The pile was left over from a Lake Valley prescribed burn about two weeks earlier and had been checked by firefighters “several times” in the interim, Michael said.

The Fallen Leaf fire [was] started [on property owned by the Tahoe Conservancy] following a Nov. 4 announcement from Cal Fire indicating recent rains had ended the fire season in the region. … [more]

Thanks to Tallac for the hot tip. See also [here]

14 Nov 2008, 12:40pm
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Firefighters race to stop Tea Fire before winds erupt

By Thomas Watkins, Associated Press, 11/14/2008 [here]

MONTECITO, Calif. – Firefighters struggled to get control of a raging wildfire [the Tea Fire, here] Friday that destroyed more than 100 homes and injured 13 people in this Mediterranean-style coastal town that has been home to celebrities from Charlie Chaplin to Oprah Winfrey.

Firefighters said they had to work fast before the winds picked up. Evening winds known locally as “sundowners,” gusting up to 70 mph from land to sea, pushed the fire with frightening speed Thursday, chewing up mansions, exploding eucalyptus trees and turning rolling hills into a glowing nightmare.

Gov. Arnold Schwarzenegger declared a state of emergency in Santa Barbara County on Friday as residents waited anxiously for word of their homes. Many of them fled flames with just a few minutes’ notice.

Helicopter pilots worked through the night, using night vision goggles to drop water on the flames. At daybreak Friday, nearly 20 copters and air tankers were on the job, emergency officials said.

“We’re going to have a very, very tough day today for firefighting and when the winds kick up this afternoon, we’re going to have an incredibly challenging situation,” said Santa Barbara County fire chief Ron Prince. “Control of this fire is not even in sight.”

Authorities say the fire broke out just before 6 p.m. Thursday and spread to about 2,500 acres — nearly 4 square miles — by early Friday. It destroyed dozens of luxury homes and parts of a college campus in the tony community of Montecito and an unknown number of homes in neighboring Santa Barbara. The cause was not immediately known. There was no estimate for containment. … [more]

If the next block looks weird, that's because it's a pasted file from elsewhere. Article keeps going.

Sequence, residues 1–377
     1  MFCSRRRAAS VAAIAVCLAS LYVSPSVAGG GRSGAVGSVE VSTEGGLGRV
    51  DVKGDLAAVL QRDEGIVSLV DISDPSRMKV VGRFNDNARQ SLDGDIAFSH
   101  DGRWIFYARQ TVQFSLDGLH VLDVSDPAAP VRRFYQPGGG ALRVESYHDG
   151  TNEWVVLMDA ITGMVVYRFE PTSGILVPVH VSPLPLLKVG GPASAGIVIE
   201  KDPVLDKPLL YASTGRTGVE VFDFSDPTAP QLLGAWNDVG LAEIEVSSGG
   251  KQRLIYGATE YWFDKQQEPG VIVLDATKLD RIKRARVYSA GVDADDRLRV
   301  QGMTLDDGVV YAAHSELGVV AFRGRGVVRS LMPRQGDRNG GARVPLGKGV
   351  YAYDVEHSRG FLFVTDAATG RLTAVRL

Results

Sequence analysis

18 Oct 2008, 12:05am
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Wildfires Cause Ozone Pollution to Violate Health Standards, New Study Shows

The University Corporation for Atmospheric Research, October 09, 2023 [here]

BOULDER—Wildfires can boost ozone pollution to levels that violate U.S. health standards, a new study concludes. The research, by scientists at the National Center for Atmospheric Research (NCAR), focused on California wildfires in 2007, finding that they repeatedly caused ground-level ozone to spike to unhealthy levels across a broad area, including much of rural California as well as neighboring Nevada.

The study was published today in Geophysical Research Letters. It was funded by NASA and by the National Science Foundation, which sponsors NCAR.

“It’s important to understand the health impacts of wildfires,” says NCAR scientist Gabriele Pfister, the lead author. “Ozone can hit unhealthy levels even in places where people don’t see smoke.”